Not necessarily frequently asked, but definitely questions I’ve received over time. I hope you find a few of the answers interesting. I’ll place links to any online interviews at the bottom of this page.
What do you do with your spare time?
What spare time? Once you’re a writer there truly is no such thing as ‘spare’ time in your life…ever! That’s because you can always fill any time with writing. Most of us all have time that we choose to do what we like with. I mostly choose to write, but I wish there was enough time available for many other things. I love to read. I’ve always tried to read at least an hour a day since I was a child. I don’t always manage it now, but I try.
I like art but mostly as a hobby. If I can manage to find some spare time for that it relaxes the mind. Many artists refer to drawing as a meditative state and I can understand why. You can be so absorbed in what you are doing that you forget the rest of the world and its troubles, and truly relax for a short time. Writing does that for me to a certain extent, but I find the mind is still active when writing in a way it isn’t when drawing or painting. I’m not saying it’s the same for everyone, but that’s how it is for me. Alas, I’m seriously out of drawing practice owing to ‘not enough’ time. I used to do some cross-stitch, but it’s taking longer to complete a project because other things draw my attention. Good for long trips, though. When the dog was alive taking her for walks took up a great deal of time although I wouldn’t change that for the world. I like holidays — who doesn’t — but I like exploring whether it’s in my own country or abroad. I seldom just sit on a beach unless it’s to read a book.
Does someone else take care of your website?
No. Somehow, I’ve managed by trial, error, and necessity, although a friend helped set up the basic files for me so don’t ask me how to do it.
What influenced the design?
I was asked this question some time ago when my site was much more elaborate than it is now. My answer then was that I was thinking of one of those shops you come across in places such as Devon or Cornwall, sort of small, sometimes dark, a treasure trove. My site has changed with me over time and I hope developed into something more streamline and user-friendly.
What are you working on now or next?
Difficult to answer. It changes constantly, obviously. I’ll write a short story if I’m struck by an idea, or if I am struggling with something I may take a break and turn to a short idea, a writing exercise, anything to get my mind working again.
For longer work, I try to complete the draft then take a break from it before revising it with a fresh eye. There’s no set duration for this, whatever the length of work. This ‘dormant’ time after a draft may even last a few months if I can afford to wait, or if I happen to be caught up in other things with more immediate deadlines. Then, of course, the delay is largely owing to the necessity. The important thing is to get the story down. If I’ve some kind of deadline on a work then obviously I simply cannot put it aside for months. Even then, I like to take a week or two off from a project to refresh my mind between my personal drafts, which isn’t always possible between edits with a publisher.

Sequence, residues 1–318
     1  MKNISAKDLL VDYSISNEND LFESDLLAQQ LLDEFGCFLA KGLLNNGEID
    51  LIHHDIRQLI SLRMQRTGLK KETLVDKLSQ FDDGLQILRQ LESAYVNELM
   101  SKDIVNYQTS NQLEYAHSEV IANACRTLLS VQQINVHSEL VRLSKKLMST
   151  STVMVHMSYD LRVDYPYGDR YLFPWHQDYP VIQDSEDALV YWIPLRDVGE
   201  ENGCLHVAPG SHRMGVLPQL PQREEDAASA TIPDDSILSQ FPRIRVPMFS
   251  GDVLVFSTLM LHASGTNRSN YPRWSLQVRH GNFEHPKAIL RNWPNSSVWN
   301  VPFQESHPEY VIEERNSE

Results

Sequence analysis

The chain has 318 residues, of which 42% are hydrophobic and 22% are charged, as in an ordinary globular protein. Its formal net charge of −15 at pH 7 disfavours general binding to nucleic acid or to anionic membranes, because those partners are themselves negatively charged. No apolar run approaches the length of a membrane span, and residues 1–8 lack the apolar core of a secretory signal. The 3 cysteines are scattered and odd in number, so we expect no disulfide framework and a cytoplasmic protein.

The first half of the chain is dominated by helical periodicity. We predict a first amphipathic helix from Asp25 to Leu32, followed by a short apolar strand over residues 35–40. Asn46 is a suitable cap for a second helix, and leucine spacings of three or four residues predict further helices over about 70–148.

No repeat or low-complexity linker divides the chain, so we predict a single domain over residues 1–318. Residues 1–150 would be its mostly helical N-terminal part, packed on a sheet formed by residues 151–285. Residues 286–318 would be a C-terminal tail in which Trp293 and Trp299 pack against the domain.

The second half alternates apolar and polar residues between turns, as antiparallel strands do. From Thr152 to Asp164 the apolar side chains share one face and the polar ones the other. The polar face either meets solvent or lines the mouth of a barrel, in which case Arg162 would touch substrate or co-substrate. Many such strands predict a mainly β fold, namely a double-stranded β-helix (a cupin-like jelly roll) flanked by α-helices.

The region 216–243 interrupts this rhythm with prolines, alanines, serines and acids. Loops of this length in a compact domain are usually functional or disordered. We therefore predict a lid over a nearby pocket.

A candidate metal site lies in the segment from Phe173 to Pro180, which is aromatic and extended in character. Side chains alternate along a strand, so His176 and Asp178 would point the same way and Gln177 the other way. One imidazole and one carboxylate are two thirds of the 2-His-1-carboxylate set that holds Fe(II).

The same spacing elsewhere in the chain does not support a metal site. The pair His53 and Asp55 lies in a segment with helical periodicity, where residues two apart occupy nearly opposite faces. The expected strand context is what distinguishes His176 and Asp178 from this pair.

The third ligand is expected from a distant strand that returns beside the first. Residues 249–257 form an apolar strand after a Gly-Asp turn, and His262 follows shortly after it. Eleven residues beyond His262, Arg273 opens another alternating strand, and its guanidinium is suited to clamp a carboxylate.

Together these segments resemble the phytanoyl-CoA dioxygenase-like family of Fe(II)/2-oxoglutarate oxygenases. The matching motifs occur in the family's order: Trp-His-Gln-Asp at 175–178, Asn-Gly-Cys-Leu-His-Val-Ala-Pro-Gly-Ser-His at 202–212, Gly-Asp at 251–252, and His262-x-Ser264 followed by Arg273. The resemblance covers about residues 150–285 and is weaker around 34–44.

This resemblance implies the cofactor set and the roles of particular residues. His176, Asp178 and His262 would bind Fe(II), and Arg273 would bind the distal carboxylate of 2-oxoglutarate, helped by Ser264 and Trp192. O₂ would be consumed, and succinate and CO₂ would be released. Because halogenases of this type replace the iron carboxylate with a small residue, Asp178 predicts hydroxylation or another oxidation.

In the past, I’ve been called on to write an article at short notice. I’ve been asked to fill a space or cover a specific subject. The shortest notice I’ve had was a request for a medium length article with a polite but blunt, ‘Could you do this today?’ And yes, I managed, but that doesn’t mean I want to make a habit of it.
What do you write? Why do you write in more than one genre?
The simple answer to both these questions is I write as I read. My reading taste is varied and therefore so is my writing. While this has no doubt caused me some problems — I’d probably be more well known and even more successful if I stuck to one genre — it’s given me a rich field to work in. Saying that, I have noticed most of my non-romance work contains dark themes so I think I’ll be increasingly focusing on that.
I don’t like fantasy or any of those things — I prefer reality.
This is more a comment than a question, but one I hear frequently. Although I write in different genres a large proportion of fantasy seems to dominate my work. My simple reply to this is that when an author writes fantasy they are still writing about the real world. The setting is just another tool to explore the human condition, but it’s one that often gives the writer greater scope. If you don’t believe me then look into the background of Fairy Tales and Nursery Rhymes. The Lord of the Rings has dissertations written concerning its contents, but for many, Tolkien’s work explores self-sacrifice. I’ve done similar things, often with good cause. You can give an argument a unique twist and perspective by altering the setting.
Do you express personal opinions in your writing?
Yes and no. That is to say every writer likely expresses a personal opinion in their work at some time, but I (and I believe this is true of many writers) express other people’s opinions too, even if it contradicts my own. Therefore, whatever the subject, even if the story seems to be championing a certain cause, I wouldn’t advise anyone surmising that is how I necessarily feel.